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Christa's Story

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I had more than my fair share of trauma growing up, and I realized that so many others have that didn't commit violent crimes. I don't use that or anything else as an excuse for what I did. There is no excuse for what I did…. I take full responsibility for my actions, and regret everything that happened that night. If I could take it all back, I would. And not only to get myself out of prison. I know that's what a lot of people assume. I've already spent a lifetime in here, and I have no expectations of ever leaving these fences. That’s not what this is about… I only want my situation to be looked at now through the eyes of logic instead of anger and answered the question of if I deserve to die for a crime committed by three people...I’m not even close to being the same person I was over 25 years ago.

Christa Pike is the only woman on Tennessee’s Death Row for a crime she committed when she was 18 years old. Christa suffers from severe mental illnesses and physical brain damage, conditions she has experienced since childhood that are compounded by physical and sexual abuse, violence, and neglect she endured by members of her family, their friends, and acquaintances. Christa did not receive the medical and psychological care and attention she needed from her family or state actors.


Christa’s young age at the time of the offense, her trauma and adverse childhood experiences (ACEs) from abuse, and her untreated severe mental illness do not excuse her actions. But her experiences, especially when taken together, offer an explanation.

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Christa was born with organic brain damage and a malformation of the brain caused by alcohol abuse while her mother was pregnant. The signs of fetal alcohol spectrum disorder began to manifest very early in Christa with seizures when she was an infant.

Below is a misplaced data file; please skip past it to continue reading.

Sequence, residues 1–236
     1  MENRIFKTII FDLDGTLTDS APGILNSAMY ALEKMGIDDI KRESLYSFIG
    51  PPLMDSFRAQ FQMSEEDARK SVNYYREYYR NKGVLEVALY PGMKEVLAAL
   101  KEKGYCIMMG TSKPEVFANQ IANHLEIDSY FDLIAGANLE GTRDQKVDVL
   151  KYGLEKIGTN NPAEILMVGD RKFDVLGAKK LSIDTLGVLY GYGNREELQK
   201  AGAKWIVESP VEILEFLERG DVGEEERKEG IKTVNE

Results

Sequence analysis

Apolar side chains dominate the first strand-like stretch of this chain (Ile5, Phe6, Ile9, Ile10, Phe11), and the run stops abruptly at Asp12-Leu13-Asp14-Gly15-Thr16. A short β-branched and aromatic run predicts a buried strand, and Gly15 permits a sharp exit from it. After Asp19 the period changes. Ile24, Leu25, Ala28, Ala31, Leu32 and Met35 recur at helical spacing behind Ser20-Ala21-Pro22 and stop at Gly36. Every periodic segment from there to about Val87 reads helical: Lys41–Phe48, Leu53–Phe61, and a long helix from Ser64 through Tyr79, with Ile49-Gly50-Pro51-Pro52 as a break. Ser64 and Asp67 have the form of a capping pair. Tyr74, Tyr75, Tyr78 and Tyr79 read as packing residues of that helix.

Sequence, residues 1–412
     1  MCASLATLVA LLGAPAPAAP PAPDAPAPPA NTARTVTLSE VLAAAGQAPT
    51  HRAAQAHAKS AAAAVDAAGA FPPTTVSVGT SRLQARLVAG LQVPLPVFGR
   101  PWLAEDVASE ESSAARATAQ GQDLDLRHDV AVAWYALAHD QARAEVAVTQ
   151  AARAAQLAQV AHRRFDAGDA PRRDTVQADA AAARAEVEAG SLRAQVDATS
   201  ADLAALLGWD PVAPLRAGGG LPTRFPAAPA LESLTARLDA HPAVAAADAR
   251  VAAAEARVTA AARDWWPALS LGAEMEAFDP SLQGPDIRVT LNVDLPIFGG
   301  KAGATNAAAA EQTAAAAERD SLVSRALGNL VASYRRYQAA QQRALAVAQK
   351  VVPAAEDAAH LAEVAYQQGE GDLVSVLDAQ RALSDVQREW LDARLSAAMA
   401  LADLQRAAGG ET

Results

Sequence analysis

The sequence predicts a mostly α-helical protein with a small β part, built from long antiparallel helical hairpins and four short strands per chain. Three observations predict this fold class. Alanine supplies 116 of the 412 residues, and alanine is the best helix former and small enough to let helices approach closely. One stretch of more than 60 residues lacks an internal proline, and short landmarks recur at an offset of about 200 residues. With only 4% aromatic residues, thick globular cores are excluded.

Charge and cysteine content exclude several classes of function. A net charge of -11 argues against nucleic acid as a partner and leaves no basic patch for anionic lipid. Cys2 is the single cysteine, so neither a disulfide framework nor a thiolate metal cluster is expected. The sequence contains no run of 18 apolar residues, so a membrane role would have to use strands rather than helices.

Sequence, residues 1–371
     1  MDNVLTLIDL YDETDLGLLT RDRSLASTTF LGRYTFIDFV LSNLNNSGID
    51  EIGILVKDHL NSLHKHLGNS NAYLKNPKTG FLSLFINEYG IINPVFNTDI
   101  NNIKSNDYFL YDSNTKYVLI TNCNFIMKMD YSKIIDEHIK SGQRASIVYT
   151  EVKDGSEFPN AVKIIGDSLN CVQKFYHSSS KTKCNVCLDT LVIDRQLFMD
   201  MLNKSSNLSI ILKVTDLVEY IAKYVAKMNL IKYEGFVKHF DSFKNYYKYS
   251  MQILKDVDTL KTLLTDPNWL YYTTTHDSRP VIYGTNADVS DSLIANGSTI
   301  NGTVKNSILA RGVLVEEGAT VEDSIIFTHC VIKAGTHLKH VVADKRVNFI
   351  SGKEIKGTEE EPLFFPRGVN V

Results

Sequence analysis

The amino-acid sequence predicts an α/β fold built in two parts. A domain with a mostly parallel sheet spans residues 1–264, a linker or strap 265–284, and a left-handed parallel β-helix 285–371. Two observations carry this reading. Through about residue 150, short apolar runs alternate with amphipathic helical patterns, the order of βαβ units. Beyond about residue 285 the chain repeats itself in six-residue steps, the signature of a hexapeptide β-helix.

Growing up, Christa suffered an “almost unbearably abusive background,” according to Dr. Jonathan Pincus, Professor of Neurology at Georgetown University. Christa was repeatedly beaten and abused by her father, maternal grandmother, and several of her mother’s boyfriends, including one boyfriend who was charged with assault for punching Christa in the face.

She also had an unstable upbringing. According to a supplemental observations submitted with a petition: “Christa was shuffled back and forth between her mother in North Carolina and her father in West Virgina … By the time she obtained her GED in 1993, Christa had changed schools 12 times.”


By the time Christa was 18, she had been raped twice, physically abused by at least seven different family members, and sexually abused by at least three individuals. There are strong indications that Christa had been sexually abused by her grandmother’s boyfriend starting at the age of two. When Christa was 9, she was raped by a man who lived near her family. In both instances, state actors failed to report the incident or take action against the signs of abuse.

Not long after, Christa attempted suicide by overdosing on Tylenol. She was then diagnosed with depression, but never received proper medical or mental health treatment. At age 12, Christa attempted suicide again following the death of her beloved maternal grandmother, the only person she felt was truly kind and nurturing toward her in childhood.


At age 13, Christa was sexually assaulted by her mother’s boyfriend. Following the assault, Christa was removed from her home by Children’s Services but returned home after only three months with minimal follow up. At age 17, Christa was raped again by a stranger. Hospital records confirm the rape, but only minimal investigations followed from local authorities.